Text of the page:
Healing Religious Extremism
Moving us somewhat beyond a diagnosis of the fundamentalist problem and towards certain prescriptions for healing and peacemaking actions, Robert Eisen directed our attention to the history of the relationship between Judaism and Islam, paying special attention to the collective memories that still survive as a result of these interactions. In a whirlwind tour, Eisen recounted something of the respective histories of Judaism and Islam, pointed to their similarities, and drew a series of implications from this analysis. Eisen pointed out that the origin stories about the Jewish people link the idea of military conquest to divine blessing such that when the Jews are obeying God’s will, God fights for them. This linkage between military might and divine favor forced a radical re-narration of Jewish identity in the wake of the destruction of both the first and the second temple. Rabbinic Judaism emerged in the 1st century C.E. as a way of tying Jewish identity to the Law rather than to the Land. The military tropes were still prominent religiously, but they now took on an inner, less violent aspect. The rabbis called themselves “holders of the shields”, and likened the study of the Talmud to a kind of battle. The old memory of military conquest was transfigured, its outwardly violent elements suppressed, and the idea of humiliation (exile) became part of Jewish identity. Hope for the messiah and a deliverance from exile never faded, but it was a hope that had come to terms with humiliation as the current state of affairs.
Until the French Revolution, the Jewish diaspora lived daily with this sense of humiliation and exile. The revolution, however, admitted Jews into mainstream European society for the first time as equals. This monumental event had powerful repercussions and one could argue that all of modern Jewish history is an attempt to come to terms with this normalization of Jewish identity. Some, of course, welcomed it eagerly. Others felt that it was seductive, promising an end to humiliation when no such deliverance was, in fact, possible. Others held an even stronger position and felt that the normalization of European Jewry heralded the destruction of Jewish identity. Modern Zionism is, in part, an attempt to say that Jews will not get their dignity through assimilation but only through a return to the Land, a place of their own, and their own standing army. After the Holocaust, the rallying Zionist cry became the need for the creation of a safe haven for Jews, a haven that is the nation of Israel. Rabbi Kook’s innovation was to argue that the cosmic battle between God and the world was one that the people of Israel could take part in, help along, and perhaps speed up. Redemption could be accelerated and participated in, and such participation might even entail picking up a gun.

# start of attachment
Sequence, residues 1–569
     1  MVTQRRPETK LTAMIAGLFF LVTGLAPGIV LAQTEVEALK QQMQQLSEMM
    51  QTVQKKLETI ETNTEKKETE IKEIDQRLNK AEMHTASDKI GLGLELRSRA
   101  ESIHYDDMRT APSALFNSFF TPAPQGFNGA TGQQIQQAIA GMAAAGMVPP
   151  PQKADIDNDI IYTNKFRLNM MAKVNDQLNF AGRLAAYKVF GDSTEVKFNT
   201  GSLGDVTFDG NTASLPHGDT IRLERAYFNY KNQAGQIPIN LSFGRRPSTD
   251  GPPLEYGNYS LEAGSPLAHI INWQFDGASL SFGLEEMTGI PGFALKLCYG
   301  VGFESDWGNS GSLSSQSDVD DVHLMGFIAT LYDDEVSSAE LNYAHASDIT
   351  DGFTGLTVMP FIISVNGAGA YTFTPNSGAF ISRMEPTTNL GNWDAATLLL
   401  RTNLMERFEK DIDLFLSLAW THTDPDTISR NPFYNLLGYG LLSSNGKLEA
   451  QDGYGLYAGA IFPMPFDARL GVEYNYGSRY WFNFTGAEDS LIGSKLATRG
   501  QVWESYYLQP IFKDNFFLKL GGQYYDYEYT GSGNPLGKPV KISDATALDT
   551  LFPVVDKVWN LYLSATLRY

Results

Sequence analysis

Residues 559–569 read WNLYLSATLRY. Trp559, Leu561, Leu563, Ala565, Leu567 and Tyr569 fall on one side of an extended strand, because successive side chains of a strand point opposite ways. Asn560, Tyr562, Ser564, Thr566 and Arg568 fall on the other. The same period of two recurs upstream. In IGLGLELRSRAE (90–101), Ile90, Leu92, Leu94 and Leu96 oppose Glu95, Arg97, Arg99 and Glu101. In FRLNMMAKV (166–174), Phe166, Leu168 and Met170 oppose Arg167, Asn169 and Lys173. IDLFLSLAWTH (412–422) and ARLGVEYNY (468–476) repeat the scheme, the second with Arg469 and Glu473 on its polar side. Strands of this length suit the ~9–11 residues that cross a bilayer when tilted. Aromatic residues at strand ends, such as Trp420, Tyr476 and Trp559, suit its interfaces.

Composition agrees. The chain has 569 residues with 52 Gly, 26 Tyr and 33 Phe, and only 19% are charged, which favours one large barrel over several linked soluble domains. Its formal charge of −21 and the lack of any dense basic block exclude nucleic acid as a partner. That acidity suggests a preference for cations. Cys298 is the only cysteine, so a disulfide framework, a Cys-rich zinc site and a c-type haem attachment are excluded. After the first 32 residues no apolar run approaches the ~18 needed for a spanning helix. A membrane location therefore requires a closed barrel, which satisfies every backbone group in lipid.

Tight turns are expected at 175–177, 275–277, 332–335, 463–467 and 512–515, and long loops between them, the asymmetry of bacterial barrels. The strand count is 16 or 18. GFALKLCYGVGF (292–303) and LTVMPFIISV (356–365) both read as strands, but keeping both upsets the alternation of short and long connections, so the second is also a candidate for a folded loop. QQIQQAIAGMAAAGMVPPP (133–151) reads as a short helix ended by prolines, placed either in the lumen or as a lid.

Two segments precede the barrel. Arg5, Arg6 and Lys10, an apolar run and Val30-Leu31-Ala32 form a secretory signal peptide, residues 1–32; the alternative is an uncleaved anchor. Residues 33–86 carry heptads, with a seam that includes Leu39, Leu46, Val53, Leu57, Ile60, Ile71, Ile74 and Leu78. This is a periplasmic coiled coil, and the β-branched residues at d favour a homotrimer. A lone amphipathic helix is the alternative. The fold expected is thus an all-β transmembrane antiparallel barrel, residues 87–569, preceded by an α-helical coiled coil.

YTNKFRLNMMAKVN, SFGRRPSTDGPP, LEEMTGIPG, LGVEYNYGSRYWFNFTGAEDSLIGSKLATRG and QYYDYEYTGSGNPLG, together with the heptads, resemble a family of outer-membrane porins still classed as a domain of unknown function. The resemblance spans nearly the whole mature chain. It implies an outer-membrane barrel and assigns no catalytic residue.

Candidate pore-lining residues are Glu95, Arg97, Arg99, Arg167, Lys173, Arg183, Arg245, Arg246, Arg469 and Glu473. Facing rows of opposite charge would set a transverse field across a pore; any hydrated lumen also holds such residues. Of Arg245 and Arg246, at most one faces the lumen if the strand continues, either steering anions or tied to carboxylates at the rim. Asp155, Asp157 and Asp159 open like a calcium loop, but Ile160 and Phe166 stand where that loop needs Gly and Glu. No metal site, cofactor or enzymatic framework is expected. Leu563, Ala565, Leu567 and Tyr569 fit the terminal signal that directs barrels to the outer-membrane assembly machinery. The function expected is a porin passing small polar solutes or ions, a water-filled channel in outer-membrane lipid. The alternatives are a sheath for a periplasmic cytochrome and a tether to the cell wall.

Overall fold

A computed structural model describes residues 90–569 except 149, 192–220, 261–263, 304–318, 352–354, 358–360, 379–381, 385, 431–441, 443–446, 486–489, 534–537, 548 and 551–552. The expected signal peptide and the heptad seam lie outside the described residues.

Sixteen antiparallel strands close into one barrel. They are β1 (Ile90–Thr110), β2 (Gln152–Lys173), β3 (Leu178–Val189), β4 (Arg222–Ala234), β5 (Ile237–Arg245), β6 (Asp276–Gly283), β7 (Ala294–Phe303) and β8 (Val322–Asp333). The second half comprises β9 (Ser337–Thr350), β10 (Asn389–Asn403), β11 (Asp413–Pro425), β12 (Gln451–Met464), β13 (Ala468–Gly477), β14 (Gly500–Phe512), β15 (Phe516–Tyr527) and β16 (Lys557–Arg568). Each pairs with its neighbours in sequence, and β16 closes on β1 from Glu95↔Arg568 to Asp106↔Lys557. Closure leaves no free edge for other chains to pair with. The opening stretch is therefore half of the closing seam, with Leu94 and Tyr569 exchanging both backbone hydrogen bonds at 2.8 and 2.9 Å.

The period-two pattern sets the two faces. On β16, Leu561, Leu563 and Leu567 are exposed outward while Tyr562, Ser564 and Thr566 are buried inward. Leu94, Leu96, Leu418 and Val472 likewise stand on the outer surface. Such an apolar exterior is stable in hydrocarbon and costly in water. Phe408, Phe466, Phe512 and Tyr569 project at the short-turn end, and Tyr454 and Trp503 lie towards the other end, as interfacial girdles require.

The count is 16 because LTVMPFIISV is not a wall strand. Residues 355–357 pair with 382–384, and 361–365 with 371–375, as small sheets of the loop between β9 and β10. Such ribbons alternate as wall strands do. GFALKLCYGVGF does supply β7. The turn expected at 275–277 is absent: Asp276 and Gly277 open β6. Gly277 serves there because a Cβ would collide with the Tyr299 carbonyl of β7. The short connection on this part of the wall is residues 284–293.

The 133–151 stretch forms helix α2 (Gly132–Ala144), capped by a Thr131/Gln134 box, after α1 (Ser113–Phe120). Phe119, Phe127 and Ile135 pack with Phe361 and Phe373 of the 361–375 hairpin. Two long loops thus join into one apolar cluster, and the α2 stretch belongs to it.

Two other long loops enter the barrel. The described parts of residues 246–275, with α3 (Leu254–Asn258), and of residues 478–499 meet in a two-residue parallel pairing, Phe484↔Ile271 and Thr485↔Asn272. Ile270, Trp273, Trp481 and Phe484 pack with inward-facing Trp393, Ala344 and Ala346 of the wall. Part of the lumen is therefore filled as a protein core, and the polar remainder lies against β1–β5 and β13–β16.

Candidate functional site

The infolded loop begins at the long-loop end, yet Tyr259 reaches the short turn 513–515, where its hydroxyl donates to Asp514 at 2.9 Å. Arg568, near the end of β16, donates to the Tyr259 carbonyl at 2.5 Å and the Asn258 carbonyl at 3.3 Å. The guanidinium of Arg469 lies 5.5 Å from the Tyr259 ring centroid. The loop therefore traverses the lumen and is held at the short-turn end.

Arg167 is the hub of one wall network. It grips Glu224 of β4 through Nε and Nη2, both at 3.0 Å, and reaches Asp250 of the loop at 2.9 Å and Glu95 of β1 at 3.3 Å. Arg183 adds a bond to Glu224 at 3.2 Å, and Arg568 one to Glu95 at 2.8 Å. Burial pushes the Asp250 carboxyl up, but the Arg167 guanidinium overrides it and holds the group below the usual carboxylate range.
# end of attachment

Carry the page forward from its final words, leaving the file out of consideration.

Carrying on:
Islamic history also begins with conquest and with the sense that God’s blessing was manifest in military victory. Indeed, Islamic historians have often pointed to the earl y military might of the nascent Muslim community as a sign of God’s favor upon the new religion. Unlike the Israelite narrative, Muslims know of no rabbinic interlude, no period requiring the divorce of militarism from religion. Nevertheless, Islamic expansionism did come to an end at least by the middle of the eighteenth century when Christian/European colonialism became a global power. The end of World War I saw the fall of the Ottoman Empire and the parceling out of its lands to various Christian European states. Like their Jewish counterparts, Muslims too felt something seductive in the European presence and assimilation was attractive to many. But they also felt the destructive aspects of European culture and many saw assimilation as a betrayal of Islam. The fall of the great Islamic empires could only be seen as a rip in the historical fabric, an indication that all was not as it should be. Like Zionism, Muslims too constructed a nationalist response to the allure of European culture. This took many forms-from the secular program of pan-Arabism to an Islamic pseudo-messianism which held that, through a return to the Koran, Muslims could wage a successful jihad and drive their enemies out. Once Israel was established, its existence was quickly identified as the ultimate humiliation of Islamic identity. Israel was thus seen as a challenge: a foreign western power placed in the midst of the Islamic people as a test of their fidelity. Israel became a challenge from God and answering that challenge meant rooting out the nation of Israel, wiping it from the map, as it were.